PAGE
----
Accountant and client expectations are driving today's changes. Technology is only the enabler.
By Jennifer Warawa
Executive Vice President - Partners, Accountants & Alliances at Sage
The world is changing -- that’s no surprise, especially to accountants. Conventional wisdom will tell you it’s new tech adoption that’s changing our field, increasing competition and altering the way we do our jobs. But is that what’s really happening? Not necessarily.
Accountants today are feeling more pressure than ever to stay competitive. At the same time -- accountants are expanding far past their traditional roles -- becoming more holistic business advisors to their clients and strategic partners with an ever-increasing list of demands on their time.
While technology is playing a pivotal role in helping accountant laggards keep up, it is the accountants who serve client expectations that are really driving industry change.
The Practice of Now
Accountants were originally concerned that technology was going to take away from their core service offerings, but what technology has actually done is free up time to do more higher value services for clients. Accountants are now doing what their customers didn’t know was possible years ago, and technological innovation is making that renewed client-focus possible.
Sage conducted research with 3,000 accountants from around the world -- including the US, UK, Canada, Brazil, Spain, France, Australia, Ireland -- to take a deeper look into how accountants today view the industry, how they are dealing with industry changes, and what skills and tools they predict will be most important in the upcoming years.
Our research found that despite conventional wisdom, it’s accountants and the increasing demands of their clients that are driving technology adoption, not the other way around.
Client Expectations are Growing. A staggering 83 percent of accountants surveyed said clients expect more from them today in terms of services and resources than they did five years ago. Forty-two percent of clients expect more than number crunching. To meet increasing client needs, accountants must not only deliver the traditional bookkeeping tasks, but also serve as a trusted business advisor for their client base.
Accountants Are Feeling Pressure to Produce More Than Ever. Technological advances have created more competition in the market, leading to a drop in confidence. In fact -- 67 percent of accountants feel competition in the industry is an issue, and 40 percent of accountants feel less confident than they did a year ago.
Tech Advances Let Accountants Automate Admin & Focus on Clients. As a result of the rising expectations and competition, accountants are turning to new tools that allow them to be even more productive. Sixty-four percent of accountants cited time and efficiency as a reason for adopting new technology into their practice. Two-thirds of accounts have turned to Artificial Intelligence (AI) and automation to take care of repetitive, administrative-focused tasks that monopolize their time.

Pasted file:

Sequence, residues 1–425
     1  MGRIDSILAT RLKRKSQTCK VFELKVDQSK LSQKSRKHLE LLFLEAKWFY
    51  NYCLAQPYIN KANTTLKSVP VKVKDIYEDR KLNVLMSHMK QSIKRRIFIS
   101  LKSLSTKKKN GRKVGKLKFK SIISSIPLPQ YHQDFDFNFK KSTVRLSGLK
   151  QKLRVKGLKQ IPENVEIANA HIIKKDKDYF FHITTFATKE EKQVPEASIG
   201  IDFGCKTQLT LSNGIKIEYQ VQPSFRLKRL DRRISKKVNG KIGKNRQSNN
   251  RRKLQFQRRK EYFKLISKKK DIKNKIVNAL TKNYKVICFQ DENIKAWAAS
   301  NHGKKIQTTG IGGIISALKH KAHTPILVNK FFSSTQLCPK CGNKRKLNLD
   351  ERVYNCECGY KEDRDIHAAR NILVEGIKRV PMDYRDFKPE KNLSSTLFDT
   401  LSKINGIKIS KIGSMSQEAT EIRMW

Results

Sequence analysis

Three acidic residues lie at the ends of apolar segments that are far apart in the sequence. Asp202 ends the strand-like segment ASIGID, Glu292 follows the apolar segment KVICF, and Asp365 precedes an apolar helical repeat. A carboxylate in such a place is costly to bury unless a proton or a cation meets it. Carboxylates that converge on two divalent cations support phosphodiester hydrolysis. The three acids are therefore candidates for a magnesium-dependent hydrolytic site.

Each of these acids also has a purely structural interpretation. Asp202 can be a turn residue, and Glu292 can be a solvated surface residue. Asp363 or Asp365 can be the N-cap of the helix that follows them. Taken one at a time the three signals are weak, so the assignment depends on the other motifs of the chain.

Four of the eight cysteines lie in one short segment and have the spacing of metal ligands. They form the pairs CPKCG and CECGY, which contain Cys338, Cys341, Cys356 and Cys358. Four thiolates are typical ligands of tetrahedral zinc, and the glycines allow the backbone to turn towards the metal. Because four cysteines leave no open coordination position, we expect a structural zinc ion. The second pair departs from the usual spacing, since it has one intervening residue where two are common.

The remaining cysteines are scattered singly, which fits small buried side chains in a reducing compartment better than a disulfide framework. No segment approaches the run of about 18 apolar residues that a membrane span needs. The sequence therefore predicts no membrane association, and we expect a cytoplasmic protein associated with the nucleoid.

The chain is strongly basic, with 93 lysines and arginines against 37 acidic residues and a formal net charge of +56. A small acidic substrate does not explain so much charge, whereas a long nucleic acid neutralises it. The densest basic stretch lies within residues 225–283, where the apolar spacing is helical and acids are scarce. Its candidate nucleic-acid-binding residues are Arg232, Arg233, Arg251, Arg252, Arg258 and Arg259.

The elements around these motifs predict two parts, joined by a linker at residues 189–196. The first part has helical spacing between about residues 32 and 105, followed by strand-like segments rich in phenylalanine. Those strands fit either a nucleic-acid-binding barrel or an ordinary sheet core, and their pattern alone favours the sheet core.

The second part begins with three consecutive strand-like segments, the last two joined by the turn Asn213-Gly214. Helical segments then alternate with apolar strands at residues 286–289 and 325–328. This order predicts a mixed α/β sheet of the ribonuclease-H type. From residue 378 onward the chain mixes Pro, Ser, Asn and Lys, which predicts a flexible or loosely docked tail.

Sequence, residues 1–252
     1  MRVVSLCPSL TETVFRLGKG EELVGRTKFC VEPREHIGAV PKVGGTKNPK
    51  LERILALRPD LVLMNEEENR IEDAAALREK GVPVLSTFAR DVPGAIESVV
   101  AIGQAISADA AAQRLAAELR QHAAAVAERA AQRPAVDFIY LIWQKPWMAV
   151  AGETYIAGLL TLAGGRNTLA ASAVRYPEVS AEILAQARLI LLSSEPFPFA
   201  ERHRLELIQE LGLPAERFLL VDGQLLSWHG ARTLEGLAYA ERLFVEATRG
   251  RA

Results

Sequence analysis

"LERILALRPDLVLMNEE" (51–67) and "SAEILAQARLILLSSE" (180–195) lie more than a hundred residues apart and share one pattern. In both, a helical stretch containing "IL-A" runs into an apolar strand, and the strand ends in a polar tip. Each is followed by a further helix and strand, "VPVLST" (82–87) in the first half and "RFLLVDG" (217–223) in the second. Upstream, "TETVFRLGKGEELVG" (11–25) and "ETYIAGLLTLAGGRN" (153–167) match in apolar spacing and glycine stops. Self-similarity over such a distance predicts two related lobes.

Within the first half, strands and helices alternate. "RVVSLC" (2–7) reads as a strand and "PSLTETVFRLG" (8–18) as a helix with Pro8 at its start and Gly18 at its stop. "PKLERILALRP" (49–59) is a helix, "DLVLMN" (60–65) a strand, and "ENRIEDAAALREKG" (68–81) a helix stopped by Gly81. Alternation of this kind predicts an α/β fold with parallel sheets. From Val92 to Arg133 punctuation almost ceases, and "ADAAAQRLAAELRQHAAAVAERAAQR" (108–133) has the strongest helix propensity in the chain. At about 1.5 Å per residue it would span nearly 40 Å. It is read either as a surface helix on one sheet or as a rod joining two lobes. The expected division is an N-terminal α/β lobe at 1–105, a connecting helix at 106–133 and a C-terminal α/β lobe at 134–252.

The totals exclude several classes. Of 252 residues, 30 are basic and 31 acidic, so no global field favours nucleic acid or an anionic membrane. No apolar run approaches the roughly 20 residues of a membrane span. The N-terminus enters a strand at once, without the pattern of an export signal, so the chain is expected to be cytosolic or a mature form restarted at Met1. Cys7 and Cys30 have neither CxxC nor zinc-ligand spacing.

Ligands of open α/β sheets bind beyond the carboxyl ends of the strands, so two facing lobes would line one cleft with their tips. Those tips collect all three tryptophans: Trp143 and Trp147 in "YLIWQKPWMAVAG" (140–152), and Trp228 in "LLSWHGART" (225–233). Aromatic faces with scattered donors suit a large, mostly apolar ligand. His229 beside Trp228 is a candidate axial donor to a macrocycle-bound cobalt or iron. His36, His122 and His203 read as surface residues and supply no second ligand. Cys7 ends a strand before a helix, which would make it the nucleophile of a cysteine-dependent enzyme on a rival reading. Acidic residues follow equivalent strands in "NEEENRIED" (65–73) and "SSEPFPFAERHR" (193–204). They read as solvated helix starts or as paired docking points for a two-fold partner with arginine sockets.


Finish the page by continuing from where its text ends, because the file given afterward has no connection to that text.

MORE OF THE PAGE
Modernization is not happening because of technology adoption -- the way that accountants are thinking about their role and the time constraints on them are changing, which in turn pushes them to technology for help.
Accounting for The Future
Recent technological advances have brought, and continue to bring, specific and significant benefits to accountants that are redefining their work and even their purpose. It falls to the accountants to grasp these opportunities and to become a modern day super-accountant.
Smart accountants turn to technology to drive improvements to their businesses, and to create the space to become time-efficient business advisors for their clients.
Technology is only the primary enabler, freeing up valuable time or alerting the accountant to potential problems that could prove costly both for their practice and their customers. To truly succeed in this new world, today’s accountant must fulfill their half of the deal and follow through with better interactions with clients, and improved service offerings.
Jennifer Warawa has been with Sage for ten years, leading global product marketing and now serves as EVP of Partners, Accountants and Alliance Group, based in Sage’s North American headquarters in Atlanta, USA. Jennifer leads Sage’s global network of partners and accountants, as well as their technology alliances.
In addition to being a regular keynote and session speaker at conferences, Jennifer was also listed as one of the “10 Tweeters Worth Following” by Accounting Today and is an avid blogger, which includes being a featured writer on the Virgin Entrepreneur website. Jennifer made the Accounting Today Top 100 Most Influential People in Accounting list consecutively for the last seven years and has also been named one of the Top 25 Most Powerful Women in Accounting for the last four years running, as recognized by CPA Practice Advisor.